A Wolf in Shih Tzu’s Clothing?

Animal shelters are under pressure to find homes for as many animals as possible but they also must ensure that the animals that are adopted pose no threat to their new families. According to Dr. James Serpell, director of Penn’s Center for the Interaction of Animals and Society and a professor in the School of Veterinary Medicine, “An owner-relinquishment questionnaire may give a better idea of a dog’s typical behavior at home [compared with commonly used temperament tests], but first we needed to determine whether owners will lie about their pet’s behavior in a questionnaire in order to give it a better chance of adoption.”

Serpell and researchers from the University of California-Davis administered questionnaires to two groups of dog owners surrendering their pets to animal shelters in Sacramento. The first group was told that their questionnaires would remain confidential while the second group was informed that their responses would be shared with shelter staff. “The results suggested that owners tend to be dishonest about one or two behaviors but not about the majority of them. The questionnaire may therefore still be useful to shelters as a diagnostic tool.” The questionnaire used in Serpell’s study measured 11 separate temperament traits, including most forms of aggression and anxiety. When compared with data from a large normal population of dogs, Serpell believes that the questionnaire can give shelters a set of objective criteria to decide whether or not to invest time in rehabilitating an animal.

Smoke and Mirrors

An ad for Quest cigarettes offers smokers a way to gradually cut back on their nicotine exposure while still enjoying the pleasures of lighting up. But even though the cigarettes are made with three progressively lower levels of nicotine, they still contain chemicals such as tar that make smoking dangerous to long-term health, notes a study led by Dr. Caryn Lerman at Penn’s Transdisciplinary Tobacco Use Research Center.

When researchers from TTURC showed 200 smokers the ad for the cigarettes, as many as 45 percent made false inferences about the product’s tar content.

“These results reinforce the need for public-health-awareness campaigns to relay the message that smoking any cigarettes—regardless of nicotine content—can have deleterious effects,” said study co-author Dr. Andrew Strasser.

Three Is the Happiest Number

Do marriage and children make people happier—or are happier people simply more likely to enter partnerships and have children? To find out, researchers led by associate professor of sociology, Dr. Hans-Peter Kohler, looked at data on thousands of identical Danish twins aged 25 to 40 and 50 to 70.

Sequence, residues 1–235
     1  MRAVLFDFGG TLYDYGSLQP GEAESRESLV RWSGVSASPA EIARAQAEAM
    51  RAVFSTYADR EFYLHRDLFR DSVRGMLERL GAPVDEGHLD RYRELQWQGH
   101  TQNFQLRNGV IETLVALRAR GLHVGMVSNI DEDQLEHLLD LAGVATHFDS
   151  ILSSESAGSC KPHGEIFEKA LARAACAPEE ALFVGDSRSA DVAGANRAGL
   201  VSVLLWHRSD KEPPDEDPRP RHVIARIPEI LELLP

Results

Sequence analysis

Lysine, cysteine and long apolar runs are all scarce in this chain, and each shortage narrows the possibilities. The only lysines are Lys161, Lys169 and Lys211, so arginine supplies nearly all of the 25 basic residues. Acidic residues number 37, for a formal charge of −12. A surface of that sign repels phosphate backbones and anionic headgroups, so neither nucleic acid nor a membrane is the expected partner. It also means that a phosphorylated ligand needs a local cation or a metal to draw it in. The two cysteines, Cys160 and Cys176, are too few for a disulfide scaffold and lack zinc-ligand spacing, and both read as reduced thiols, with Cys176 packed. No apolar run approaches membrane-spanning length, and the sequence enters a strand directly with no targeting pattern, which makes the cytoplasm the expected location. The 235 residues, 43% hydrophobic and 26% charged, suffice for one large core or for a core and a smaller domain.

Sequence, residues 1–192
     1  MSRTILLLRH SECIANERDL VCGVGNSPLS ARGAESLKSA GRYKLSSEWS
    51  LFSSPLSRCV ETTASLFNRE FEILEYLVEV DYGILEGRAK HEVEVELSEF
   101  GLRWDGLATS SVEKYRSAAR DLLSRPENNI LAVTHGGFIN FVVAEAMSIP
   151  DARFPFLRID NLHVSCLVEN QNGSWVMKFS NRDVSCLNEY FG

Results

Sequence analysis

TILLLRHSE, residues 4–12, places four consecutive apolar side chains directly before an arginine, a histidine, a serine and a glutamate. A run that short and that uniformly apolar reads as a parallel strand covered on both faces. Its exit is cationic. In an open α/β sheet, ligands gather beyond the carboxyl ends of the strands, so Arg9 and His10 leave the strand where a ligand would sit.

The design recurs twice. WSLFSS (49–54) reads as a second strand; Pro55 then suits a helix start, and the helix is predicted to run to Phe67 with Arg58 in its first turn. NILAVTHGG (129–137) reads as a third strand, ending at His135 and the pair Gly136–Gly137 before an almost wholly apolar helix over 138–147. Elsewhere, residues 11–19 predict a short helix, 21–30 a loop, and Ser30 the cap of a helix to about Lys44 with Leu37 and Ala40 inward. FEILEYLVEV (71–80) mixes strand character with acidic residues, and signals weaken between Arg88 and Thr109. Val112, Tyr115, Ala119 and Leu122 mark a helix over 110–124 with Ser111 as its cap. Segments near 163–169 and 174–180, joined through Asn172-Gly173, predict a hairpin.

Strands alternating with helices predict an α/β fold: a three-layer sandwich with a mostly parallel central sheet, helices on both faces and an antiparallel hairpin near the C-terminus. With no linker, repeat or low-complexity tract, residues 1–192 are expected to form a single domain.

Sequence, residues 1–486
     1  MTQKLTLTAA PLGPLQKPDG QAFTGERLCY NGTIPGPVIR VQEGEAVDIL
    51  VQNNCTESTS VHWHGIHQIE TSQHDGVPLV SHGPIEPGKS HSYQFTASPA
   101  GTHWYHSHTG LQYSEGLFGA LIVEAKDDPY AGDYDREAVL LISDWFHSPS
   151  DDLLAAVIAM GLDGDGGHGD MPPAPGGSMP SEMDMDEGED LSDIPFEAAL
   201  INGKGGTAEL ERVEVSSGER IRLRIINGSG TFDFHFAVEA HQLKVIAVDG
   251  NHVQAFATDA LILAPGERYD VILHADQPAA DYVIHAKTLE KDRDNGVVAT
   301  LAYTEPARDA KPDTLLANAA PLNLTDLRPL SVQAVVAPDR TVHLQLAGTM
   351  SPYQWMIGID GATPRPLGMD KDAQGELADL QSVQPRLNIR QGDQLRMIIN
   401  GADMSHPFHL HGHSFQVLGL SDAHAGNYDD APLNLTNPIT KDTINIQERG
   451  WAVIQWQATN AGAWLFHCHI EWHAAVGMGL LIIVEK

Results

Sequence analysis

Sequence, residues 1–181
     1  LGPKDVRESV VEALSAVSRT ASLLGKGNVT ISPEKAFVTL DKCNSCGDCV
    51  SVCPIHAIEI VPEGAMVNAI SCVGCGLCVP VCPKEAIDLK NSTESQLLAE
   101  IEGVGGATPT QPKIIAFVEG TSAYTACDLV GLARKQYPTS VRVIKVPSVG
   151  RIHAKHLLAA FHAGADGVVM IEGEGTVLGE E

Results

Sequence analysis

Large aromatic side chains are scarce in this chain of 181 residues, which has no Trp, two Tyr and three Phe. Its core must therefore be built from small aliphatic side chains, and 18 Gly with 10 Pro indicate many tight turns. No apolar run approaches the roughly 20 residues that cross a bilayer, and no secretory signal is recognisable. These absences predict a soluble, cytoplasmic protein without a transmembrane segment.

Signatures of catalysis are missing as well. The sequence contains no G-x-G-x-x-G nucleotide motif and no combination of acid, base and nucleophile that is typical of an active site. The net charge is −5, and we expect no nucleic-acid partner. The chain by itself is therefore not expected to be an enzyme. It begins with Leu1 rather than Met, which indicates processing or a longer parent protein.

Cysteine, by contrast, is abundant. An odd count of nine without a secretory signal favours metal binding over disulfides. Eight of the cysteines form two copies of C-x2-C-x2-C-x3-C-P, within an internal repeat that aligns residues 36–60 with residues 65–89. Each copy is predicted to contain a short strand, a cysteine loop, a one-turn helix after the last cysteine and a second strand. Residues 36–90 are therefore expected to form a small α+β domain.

They found that men and women who are in a partnership report “substantially higher levels of happiness” than those who are not.

According to their findings, published in Population and Development Review, first-born children also contributed to the happiness of men and women in the younger age-group, but not in the older group. And having additional children reduced “the subjective well-being of females while leaving the well-being of males unaffected.”

Though this finding could be consistent with evolutionary arguments that males and females “invest differently in children, and that women may therefore have a lower ‘optimal’ fertility’” than men, another explanation could be that as a result of gender specialization in child care, women “bear more of the costs of raising children.”

Another Reason the Customer is Always Right

When a shopper has a bad experience—a long line to pay, inconvenient parking, prices higher than advertised—the retailer risks losing more than one unhappy customer, Wharton researchers found.

In interviews with some 1,200 consumers, Wharton’s Baker Retailing Initiative and The Verde Group found that dissatisfied shoppers were five times more likely to tell their experiences to a friend or colleague as they were to voice their complaints to the store itself. Of the one in three consumers who shop-and-tell, each one will spread the word to an average of 4.1 people.

In addition, almost half of shoppers have avoided a store because of someone else’s negative reports.

©2006 The Pennsylvania Gazette
Last modified 05/05/06

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